The council discussed placing several houses in Fleming on the blighted and deteriorated list. Mayor Polis said two houses in Fleming which stand side by side are falling down and are dangerous as well as being an eyesore. She said placing them on the list will give a heads-up to property owners that the situation must be corrected or the city will be forced to take action.

The council discussed possible uses for a youth worker from the Letcher County Schools Resource Center. Police Chief Henry Day, who will supervise the youth, said there are a number of places in the city where grass, brush, and limbs need to be cut. The council also discussed a vacancy in the Sanitation Department and decided to start the position at half-time.

Karen Hall told the council she has received a number of complaints from Fleming residents about mud and dust from coal trucks hauling from mines working in the Fleming and McRoberts area. Hall and Mayor Polis said they knew several residents had taken their complaints to the fiscal court but this was the first time anyone had brought them to the council. Polis said she would contact Judge/Executive Jim Ward to see if the court had been able to resolve the situation. Hall said she would contact TECO, which owns the coal and leases it to sub-contractors. Hall said while she is happy more people are working, it is also the council’s job to stand up for the community.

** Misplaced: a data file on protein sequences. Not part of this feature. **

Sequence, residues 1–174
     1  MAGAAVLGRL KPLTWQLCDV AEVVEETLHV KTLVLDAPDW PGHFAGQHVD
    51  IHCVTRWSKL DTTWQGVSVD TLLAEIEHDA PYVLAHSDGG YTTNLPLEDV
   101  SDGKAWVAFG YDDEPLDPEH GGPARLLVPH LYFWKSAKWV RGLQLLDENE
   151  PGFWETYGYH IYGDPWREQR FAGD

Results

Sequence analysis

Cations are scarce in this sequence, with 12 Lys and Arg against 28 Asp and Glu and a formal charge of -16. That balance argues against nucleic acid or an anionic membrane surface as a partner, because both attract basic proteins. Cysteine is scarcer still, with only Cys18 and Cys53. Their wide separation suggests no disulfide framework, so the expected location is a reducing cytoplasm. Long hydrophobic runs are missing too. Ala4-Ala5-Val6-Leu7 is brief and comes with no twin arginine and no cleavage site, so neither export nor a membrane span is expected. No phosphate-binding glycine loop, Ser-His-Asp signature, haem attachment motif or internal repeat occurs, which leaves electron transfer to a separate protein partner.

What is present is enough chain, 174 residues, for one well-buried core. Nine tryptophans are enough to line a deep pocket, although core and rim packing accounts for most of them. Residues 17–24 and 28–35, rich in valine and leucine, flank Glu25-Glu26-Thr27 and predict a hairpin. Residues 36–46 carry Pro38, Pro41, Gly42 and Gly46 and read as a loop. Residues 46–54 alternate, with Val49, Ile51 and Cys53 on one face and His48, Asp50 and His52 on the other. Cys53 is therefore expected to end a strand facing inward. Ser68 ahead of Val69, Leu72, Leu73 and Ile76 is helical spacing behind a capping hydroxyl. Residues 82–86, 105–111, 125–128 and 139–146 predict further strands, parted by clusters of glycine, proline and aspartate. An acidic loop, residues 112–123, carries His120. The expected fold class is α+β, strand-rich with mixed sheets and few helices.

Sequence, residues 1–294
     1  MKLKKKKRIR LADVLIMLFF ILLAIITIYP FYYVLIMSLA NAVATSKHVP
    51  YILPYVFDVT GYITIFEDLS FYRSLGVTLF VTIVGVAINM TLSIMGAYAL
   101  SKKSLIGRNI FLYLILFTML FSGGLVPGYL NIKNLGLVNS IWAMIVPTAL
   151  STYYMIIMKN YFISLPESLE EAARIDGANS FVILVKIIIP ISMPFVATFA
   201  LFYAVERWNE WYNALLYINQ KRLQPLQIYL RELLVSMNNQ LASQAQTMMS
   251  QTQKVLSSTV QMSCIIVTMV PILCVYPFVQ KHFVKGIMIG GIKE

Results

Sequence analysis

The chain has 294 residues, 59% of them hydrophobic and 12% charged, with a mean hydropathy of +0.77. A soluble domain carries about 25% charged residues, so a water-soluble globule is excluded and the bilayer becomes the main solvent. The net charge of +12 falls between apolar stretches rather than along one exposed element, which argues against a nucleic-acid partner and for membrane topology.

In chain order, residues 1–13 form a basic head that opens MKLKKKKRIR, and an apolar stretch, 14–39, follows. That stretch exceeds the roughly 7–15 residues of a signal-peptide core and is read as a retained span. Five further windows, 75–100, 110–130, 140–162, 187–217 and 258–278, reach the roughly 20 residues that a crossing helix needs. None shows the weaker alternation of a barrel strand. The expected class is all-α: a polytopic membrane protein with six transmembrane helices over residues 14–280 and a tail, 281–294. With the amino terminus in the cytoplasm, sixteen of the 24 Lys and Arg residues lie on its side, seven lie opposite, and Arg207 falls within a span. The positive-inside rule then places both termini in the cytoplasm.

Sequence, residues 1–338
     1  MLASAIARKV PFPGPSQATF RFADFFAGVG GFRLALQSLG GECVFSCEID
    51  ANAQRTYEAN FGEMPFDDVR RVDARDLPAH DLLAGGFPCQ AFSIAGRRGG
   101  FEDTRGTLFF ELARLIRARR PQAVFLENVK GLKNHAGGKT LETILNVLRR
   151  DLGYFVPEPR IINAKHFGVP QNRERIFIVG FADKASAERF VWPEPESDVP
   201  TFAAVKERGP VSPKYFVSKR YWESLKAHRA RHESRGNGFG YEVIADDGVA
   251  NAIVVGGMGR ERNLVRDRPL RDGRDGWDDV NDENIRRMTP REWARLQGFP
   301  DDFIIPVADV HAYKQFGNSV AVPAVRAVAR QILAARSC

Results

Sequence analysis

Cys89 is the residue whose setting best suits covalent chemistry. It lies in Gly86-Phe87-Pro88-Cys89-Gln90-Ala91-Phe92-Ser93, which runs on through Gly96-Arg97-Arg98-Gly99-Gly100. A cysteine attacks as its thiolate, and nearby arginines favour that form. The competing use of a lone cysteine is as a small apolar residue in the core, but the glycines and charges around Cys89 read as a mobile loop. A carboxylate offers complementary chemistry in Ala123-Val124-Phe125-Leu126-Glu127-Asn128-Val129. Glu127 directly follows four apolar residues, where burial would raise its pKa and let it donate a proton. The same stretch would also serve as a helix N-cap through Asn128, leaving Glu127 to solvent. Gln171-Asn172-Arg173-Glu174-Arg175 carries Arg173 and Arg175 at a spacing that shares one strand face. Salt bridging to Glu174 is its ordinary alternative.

In other council business:

• David Vanover told the council he wanted to discuss a possible pay raise for council members. He said members of the Fleming-Neon City Council were the lowest paid in the county. James D. Collins said the matter can only be introduced at a certain time of the year, and he would make sure when that is and Vanover could bring it up then. Council member Hall added that most members of the Jenkins and Whitesburg councils donate their salaries back the city.

• Vanover also mentioned a beaver dam in Fleming which could cause the road to flood if the heavy rains which have been predicted for later in the week arrive. Mayor Polis said she would ask the Water Department to use its backhoe to remove the dam.

• The council voted to table a bid on a surplus police car with lights until the next meeting.

• The council voted unanimously to accept the second readings of the city budget and water department budget for 2008- 2009. The city budget has projected revenues of $325,379.75 against expenses of $506,164.77. The city had a balance carried forward from last year of $181,086.95, giving it total projected revenue of $506,466.70 and a surplus of $301.93. The Water System Budget had a balance carried over of $31,000, projected expenses of $331,000, projected revenue of $321,050, and a surplus of $40,950. The Sewer System had a balance carried over of $23,000, revenue of $169,900, expenses of $165,972, for a surplus of $26,928.